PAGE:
Following this Meehan comments on a number of late nineteenth and early twentieth century Irish figures and their propensity to kilt wearing. Most of the kilts mentioned are solid colors, such as saffron and green. To comment on this, I will say that yes, the kilt was being worn at this time as a sign of Irish nationalism. However, the adoption of the kilt by people in the late-nineteenth century who were under the impression that the kilt was the ancient garment of thancestorstors does not make it true!

A friend of mine, Todd Wilkinson, makes this comment on the X Marks the Scot kilt forum:

"Several of the Irish revolutionaries of 1916 did this very thing [adopt the
kilt]. Patrick Pearce, the leader of the Easter Rebellion, even adopted the kilt
as a uniform for his school for boys, St. Enda's, which was supposed to
educate Irish boys on "traditional" Irish culture. From what I have read,
the boys took quite a few beatings from local boys over their kilts. Eamonn
Ceannt, another leader in the '16, reportedly played the uilleann pipes for
the Pope dressed in a green kilt. Another Irishman, Pierce O'Mahony, wore a
green kilt & is pictured in "ancient" Irish dress, complete with wolfhound. O'Mahony lived in Bulgaria and is quite the national hero there -- a tartan was recently introduced in his honour."

So I'm not disputing Meehan that people in Ireland did, about a hundred years ago, adopt the kilt as a sign of Irish nationalism. I'm just saying that this does not prove or support his claim that the kilt is an ancient form of Irish dress. All it means is that a lot of people a hundred years ago thought that it was.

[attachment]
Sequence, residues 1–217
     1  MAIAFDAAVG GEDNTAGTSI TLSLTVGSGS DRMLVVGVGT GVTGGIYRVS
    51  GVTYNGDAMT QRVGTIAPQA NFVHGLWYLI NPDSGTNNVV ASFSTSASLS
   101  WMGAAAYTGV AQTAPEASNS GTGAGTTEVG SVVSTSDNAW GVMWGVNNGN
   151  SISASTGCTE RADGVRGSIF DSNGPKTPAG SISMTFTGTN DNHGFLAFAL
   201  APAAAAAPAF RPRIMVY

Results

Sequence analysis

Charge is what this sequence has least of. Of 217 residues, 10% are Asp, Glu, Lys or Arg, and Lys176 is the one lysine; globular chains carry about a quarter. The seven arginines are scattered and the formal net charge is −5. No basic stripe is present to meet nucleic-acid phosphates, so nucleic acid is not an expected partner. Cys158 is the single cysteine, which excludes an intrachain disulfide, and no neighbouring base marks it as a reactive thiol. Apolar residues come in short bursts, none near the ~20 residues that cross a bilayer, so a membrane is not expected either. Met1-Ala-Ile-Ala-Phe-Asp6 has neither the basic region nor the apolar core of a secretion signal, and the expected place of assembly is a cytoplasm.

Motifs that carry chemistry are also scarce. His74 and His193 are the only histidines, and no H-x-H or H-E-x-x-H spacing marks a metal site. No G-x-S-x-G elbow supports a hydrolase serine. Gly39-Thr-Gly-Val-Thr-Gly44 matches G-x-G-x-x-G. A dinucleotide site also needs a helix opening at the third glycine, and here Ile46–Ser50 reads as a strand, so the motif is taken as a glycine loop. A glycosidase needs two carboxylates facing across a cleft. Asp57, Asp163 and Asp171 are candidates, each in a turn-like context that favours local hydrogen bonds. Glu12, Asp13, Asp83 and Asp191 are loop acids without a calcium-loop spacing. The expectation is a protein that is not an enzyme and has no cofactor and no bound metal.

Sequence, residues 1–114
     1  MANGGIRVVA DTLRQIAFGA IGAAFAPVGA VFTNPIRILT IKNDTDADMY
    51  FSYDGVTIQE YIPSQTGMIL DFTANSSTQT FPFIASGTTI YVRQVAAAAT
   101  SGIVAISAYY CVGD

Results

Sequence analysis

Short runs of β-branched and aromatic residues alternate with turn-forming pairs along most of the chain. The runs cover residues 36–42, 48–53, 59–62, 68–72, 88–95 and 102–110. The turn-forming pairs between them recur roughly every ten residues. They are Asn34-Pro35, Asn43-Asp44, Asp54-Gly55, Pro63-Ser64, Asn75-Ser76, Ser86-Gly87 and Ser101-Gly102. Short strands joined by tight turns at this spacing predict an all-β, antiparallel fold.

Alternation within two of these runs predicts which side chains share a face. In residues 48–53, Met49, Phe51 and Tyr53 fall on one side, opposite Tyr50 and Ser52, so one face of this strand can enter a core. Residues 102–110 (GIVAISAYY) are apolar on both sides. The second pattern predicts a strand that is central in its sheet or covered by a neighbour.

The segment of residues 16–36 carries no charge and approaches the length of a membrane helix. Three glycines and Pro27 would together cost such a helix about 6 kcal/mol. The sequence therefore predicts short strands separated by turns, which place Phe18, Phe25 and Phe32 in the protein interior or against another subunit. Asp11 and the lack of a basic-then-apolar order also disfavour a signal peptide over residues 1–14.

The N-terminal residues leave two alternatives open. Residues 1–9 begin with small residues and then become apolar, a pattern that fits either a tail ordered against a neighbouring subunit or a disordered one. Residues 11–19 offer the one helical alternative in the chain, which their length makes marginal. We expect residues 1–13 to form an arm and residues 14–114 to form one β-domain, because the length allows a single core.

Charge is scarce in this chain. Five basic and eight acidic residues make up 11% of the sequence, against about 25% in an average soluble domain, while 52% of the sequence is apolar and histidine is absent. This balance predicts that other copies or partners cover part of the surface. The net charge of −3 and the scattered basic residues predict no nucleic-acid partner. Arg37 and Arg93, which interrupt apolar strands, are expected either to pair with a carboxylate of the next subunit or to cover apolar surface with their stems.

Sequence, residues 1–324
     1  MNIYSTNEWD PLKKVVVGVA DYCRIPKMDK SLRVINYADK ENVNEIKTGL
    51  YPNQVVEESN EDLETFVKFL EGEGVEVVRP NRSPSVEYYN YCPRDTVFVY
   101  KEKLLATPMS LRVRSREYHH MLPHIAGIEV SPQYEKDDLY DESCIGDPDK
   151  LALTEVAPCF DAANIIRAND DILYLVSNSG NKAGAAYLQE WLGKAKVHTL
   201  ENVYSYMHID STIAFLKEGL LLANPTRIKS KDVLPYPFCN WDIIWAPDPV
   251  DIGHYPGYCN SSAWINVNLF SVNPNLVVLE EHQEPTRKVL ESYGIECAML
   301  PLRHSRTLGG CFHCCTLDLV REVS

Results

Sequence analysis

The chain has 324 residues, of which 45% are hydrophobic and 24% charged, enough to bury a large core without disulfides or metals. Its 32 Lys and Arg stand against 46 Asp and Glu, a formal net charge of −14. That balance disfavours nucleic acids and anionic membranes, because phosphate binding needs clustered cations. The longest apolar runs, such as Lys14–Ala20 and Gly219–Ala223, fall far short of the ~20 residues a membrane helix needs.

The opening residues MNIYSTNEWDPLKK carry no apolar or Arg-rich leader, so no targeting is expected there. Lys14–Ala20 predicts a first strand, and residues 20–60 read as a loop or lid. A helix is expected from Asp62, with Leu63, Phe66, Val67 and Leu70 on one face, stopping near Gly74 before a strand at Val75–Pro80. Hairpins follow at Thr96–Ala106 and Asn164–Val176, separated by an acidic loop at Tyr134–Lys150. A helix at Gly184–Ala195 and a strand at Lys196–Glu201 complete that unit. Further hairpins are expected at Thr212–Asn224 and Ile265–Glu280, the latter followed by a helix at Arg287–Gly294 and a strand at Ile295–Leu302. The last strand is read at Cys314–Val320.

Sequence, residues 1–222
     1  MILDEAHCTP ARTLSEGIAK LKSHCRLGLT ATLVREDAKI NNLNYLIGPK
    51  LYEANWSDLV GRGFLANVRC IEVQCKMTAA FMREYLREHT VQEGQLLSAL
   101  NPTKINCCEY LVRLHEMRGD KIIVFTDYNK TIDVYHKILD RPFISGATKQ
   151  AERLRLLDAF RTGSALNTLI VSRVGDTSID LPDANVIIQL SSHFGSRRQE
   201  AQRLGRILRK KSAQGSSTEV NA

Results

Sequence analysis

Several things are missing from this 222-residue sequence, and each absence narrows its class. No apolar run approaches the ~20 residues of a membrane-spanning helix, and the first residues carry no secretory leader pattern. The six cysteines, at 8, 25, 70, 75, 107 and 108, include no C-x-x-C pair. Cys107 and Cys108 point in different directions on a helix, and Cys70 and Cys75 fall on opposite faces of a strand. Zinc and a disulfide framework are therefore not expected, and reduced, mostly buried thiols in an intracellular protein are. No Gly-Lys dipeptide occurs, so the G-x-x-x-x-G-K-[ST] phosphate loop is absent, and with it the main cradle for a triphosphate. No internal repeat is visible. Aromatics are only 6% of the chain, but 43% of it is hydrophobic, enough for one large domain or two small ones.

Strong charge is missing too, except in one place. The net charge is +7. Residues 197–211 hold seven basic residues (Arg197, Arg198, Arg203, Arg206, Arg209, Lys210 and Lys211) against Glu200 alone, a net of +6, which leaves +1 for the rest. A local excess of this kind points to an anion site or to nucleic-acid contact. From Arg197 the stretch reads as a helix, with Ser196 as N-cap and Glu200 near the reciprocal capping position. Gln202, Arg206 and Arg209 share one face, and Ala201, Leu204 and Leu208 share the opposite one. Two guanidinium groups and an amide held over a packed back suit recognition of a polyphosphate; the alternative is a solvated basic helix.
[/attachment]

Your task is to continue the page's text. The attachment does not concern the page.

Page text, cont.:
Finally, we will return to our article, which ends:

In Dublin, one will find men wearing St Patrick's tartan and county
tartans during the summer months. Yet it would be easier to find a needle in
a haystack than buy an Irish county tartan kilt in Dublin. In seems most
Irish kilts and tartans are now supplied by MacNaughtons, kilt makers awoolenllen mills in Pillockey, Scotland.

It would seem that Meehan is bemoaning the fact that the Irish kilt is falling into disuse, when in reality it is more popular now than ever before! And even in his last sentence, he is in error. The Irish kilts and tartans he speaks of are supplied by MacNaughtons (The House of Edgar) in Pitlochry Scotland (not "Pillockey"), and that is for one very good reason. They were introduced by that firm in 1996 as a new line of fashion tartans, and they have the sole rights to produce those Irish County tartans. This just shows how new a thing this is.

As I state often when I encounter foolishness like this -- I am not disparaging anyone from wearwhatevertver tartan they like. I'm not saying not to wear an Irish County tartan, or an Irish name tartan, and I'm not saying Irish people shouldn't wear kilts if they so choose. I'm just saying recognize it for what it is. If you wear a tartan that was designed in 1996, accept that it was designed in 1996 and be fine with it. Don't go around creating false histories and spreading myths and legends that have been debunked long ago to try and give your new fashion some ancient pedigree.

Wear a kilt because you like it, it's comfortable, it's your heritage, or just because you want to wear one! You don't need sfancifiedfied reason to do so, and it only demeans you and the garment to persist in error.

Signing off for tonight....

1 Comments:

Macman said...

Matt, a very good rebuttal. May I just correct you on a small point? The battle of Culloden was in April 1746, not 1745.
Best,
David

8:03 PM